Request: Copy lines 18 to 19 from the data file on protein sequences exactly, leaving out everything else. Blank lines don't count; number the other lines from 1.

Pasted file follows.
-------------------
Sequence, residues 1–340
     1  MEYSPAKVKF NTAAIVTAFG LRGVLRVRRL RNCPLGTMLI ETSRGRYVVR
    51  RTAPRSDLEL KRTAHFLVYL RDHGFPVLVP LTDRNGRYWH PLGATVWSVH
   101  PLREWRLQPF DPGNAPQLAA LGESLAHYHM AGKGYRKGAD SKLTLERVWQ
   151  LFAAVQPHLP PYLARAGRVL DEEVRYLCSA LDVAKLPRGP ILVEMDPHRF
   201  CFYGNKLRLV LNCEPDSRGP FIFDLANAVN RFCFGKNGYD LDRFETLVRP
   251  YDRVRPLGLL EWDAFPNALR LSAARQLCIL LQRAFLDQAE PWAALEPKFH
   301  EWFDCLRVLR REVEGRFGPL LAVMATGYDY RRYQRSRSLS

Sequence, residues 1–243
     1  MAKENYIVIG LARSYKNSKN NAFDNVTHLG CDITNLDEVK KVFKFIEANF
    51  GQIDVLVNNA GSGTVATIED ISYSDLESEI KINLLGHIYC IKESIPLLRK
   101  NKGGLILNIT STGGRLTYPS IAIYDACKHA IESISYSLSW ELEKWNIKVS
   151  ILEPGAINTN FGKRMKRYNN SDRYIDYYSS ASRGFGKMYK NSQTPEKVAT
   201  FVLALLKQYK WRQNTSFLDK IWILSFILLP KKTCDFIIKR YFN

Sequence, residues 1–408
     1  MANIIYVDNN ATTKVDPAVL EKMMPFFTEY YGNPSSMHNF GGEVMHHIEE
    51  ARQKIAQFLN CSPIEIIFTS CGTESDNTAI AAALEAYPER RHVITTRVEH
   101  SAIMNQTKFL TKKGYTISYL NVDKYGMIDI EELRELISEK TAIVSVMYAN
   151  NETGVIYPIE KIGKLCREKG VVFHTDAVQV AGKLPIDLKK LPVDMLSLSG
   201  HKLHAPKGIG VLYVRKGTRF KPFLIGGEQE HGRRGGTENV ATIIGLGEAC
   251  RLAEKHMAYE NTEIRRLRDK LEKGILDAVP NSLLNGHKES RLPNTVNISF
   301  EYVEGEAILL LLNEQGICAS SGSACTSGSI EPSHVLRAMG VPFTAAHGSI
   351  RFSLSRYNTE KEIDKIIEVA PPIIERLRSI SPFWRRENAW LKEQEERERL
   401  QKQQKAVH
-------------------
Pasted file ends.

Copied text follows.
   101  SAIMNQTKFL TKKGYTISYL NVDKYGMIDI EELRELISEK TAIVSVMYAN
   151  NETGVIYPIE KIGKLCREKG VVFHTDAVQV AGKLPIDLKK LPVDMLSLSG